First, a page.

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Beilstein J Nanotechnol. 2015 Nov 16;6:2148-53. doi: 10.3762/bjnano.6.220. eCollection 2015.

Virtual reality visual feedback for hand-controlled scanning probe microscopy manipulation of single molecules.

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Peter Grünberg Institut (PGI-3), Forschungszentrum Jülich, 52425 Jülich, Germany ; Jülich Aachen Research Alliance (JARA)-Fundamentals of Future Information Technology, 52425 Jülich, Germany.


Controlled manipulation of single molecules is an important step towards the fabrication of single molecule devices and nanoscale molecular machines. Currently, scanning probe microscopy (SPM) is the only technique that facilitates direct imaging and manipulations of nanometer-sized molecular compounds on surfaces. The technique of hand-controlled manipulation (HCM) introduced recently in Beilstein J. Nanotechnol. 2014, 5, 1926-1932 simplifies the identification of successful manipulation protocols in situations when the interaction pattern of the manipulated molecule with its environment is not fully known. Here we present a further technical development that substantially improves the effectiveness of HCM. By adding Oculus Rift virtual reality goggles to our HCM set-up we provide the experimentalist with 3D visual feedback that displays the currently executed trajectory and the position of the SPM tip during manipulation in real time, while simultaneously plotting the experimentally measured frequency shift (Δf) of the non-contact atomic force microscope (NC-AFM) tuning fork sensor as well as the magnitude of the electric current (I) flowing between the tip and the surface. The advantages of the set-up are demonstrated by applying it to the model problem of the extraction of an individual PTCDA molecule from its hydrogen-bonded monolayer grown on Ag(111) surface.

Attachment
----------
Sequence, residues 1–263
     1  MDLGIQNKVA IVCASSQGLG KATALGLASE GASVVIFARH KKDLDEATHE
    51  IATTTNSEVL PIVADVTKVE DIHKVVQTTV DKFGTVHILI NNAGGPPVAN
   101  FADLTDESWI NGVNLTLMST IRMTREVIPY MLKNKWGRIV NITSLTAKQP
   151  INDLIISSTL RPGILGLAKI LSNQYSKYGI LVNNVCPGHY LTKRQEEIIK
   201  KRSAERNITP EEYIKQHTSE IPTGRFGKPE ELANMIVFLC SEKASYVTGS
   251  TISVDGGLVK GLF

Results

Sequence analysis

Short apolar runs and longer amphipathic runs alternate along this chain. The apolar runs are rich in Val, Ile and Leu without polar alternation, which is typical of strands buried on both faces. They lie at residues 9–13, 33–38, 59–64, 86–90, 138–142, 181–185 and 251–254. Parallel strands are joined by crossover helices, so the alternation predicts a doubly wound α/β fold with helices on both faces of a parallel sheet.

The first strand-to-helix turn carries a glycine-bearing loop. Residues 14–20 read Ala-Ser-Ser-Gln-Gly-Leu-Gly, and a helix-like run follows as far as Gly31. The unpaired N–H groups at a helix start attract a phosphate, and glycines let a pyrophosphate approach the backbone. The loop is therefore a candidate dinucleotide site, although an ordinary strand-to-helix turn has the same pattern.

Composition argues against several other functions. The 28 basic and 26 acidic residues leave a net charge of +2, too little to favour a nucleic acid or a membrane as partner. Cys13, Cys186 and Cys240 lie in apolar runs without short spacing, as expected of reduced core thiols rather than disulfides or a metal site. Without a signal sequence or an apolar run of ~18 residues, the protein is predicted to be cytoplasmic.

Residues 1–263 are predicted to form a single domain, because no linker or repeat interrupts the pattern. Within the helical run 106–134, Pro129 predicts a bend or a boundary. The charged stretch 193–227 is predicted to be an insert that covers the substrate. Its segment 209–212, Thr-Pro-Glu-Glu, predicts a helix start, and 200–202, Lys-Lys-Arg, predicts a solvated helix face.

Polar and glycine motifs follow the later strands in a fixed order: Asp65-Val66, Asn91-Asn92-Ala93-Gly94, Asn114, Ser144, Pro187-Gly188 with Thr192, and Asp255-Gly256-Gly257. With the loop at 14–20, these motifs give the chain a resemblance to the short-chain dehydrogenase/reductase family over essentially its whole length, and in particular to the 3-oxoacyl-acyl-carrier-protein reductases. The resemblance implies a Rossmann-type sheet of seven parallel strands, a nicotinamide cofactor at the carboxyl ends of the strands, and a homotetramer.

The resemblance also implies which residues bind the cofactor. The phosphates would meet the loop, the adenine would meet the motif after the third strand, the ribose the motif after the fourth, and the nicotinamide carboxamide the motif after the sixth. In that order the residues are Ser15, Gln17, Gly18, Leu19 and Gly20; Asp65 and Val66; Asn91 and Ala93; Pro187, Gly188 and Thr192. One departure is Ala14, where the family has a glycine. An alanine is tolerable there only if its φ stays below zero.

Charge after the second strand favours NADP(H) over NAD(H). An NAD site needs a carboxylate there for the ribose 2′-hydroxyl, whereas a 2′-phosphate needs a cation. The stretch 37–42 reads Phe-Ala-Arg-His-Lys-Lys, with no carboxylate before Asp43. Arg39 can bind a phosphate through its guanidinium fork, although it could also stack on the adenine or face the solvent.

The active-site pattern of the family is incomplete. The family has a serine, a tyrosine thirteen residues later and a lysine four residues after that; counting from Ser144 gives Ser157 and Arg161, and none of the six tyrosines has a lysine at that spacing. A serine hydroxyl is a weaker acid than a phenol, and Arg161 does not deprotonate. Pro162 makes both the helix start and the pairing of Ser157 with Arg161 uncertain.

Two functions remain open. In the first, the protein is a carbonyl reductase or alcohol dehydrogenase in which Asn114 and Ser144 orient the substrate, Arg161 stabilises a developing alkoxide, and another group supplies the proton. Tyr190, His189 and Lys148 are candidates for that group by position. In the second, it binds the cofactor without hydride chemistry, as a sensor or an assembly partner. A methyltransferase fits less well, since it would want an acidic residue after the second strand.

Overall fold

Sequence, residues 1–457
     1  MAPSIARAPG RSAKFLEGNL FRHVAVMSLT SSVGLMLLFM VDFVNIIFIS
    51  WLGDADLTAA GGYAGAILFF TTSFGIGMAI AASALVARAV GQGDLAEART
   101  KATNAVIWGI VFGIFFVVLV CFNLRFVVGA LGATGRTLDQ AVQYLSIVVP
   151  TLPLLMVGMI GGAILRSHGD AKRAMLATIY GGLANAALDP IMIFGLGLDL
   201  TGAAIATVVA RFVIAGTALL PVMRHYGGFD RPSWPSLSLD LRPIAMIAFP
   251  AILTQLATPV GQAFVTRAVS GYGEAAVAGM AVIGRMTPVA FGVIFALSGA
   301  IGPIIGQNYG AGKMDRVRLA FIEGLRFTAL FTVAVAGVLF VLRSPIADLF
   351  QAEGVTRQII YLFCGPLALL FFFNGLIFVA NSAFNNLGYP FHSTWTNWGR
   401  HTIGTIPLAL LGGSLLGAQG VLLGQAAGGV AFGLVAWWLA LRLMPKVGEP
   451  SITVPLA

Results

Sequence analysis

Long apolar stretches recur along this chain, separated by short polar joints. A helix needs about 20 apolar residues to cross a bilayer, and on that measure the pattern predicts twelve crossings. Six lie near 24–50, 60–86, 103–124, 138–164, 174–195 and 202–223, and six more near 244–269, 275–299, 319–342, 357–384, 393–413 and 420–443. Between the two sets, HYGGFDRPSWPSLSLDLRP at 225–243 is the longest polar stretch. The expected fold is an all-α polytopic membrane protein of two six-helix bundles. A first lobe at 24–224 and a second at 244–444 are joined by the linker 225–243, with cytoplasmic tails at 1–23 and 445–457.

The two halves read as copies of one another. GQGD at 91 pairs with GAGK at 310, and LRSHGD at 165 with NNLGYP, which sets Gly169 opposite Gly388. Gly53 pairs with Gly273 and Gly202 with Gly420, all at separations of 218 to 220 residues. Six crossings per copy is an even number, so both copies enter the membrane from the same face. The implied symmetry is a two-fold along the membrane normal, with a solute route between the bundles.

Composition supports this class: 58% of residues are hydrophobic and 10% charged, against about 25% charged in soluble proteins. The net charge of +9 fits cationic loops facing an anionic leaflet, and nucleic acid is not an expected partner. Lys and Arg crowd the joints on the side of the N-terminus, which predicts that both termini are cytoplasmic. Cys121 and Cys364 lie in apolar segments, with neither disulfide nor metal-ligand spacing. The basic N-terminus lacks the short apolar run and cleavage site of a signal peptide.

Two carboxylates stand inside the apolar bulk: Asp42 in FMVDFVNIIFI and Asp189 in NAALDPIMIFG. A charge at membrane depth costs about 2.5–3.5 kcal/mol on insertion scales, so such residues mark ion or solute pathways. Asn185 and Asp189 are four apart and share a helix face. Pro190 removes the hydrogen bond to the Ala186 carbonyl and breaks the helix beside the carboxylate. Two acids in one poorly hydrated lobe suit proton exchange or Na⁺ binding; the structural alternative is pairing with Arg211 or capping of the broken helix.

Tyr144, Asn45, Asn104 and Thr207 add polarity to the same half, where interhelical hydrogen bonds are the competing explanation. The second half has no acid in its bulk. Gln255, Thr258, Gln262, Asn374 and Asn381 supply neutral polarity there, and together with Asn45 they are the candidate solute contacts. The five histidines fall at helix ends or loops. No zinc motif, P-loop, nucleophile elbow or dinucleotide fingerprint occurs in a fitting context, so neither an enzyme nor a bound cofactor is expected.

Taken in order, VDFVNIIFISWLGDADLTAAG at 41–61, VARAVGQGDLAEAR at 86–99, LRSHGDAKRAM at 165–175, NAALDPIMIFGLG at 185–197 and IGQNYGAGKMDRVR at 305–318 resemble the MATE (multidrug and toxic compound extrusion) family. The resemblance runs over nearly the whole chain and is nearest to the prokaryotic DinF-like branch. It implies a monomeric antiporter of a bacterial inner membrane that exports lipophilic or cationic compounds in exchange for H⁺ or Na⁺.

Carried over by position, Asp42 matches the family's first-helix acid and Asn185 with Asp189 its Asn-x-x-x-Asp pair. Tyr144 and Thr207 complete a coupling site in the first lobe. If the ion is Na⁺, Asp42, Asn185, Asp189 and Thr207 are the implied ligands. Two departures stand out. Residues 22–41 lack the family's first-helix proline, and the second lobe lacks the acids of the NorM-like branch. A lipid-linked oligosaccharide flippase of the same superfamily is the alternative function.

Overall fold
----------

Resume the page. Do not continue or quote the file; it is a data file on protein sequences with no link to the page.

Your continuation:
Oculus Rift; non-contact atomic force microscopy (NC-AFM); perylene-3,4,9,10-tetracarboxylic dianhydride (PTCDA); scanning probe microscopy (SPM); scanning tunnelling microscopy (STM); single-molecule manipulation; virtual reality interface

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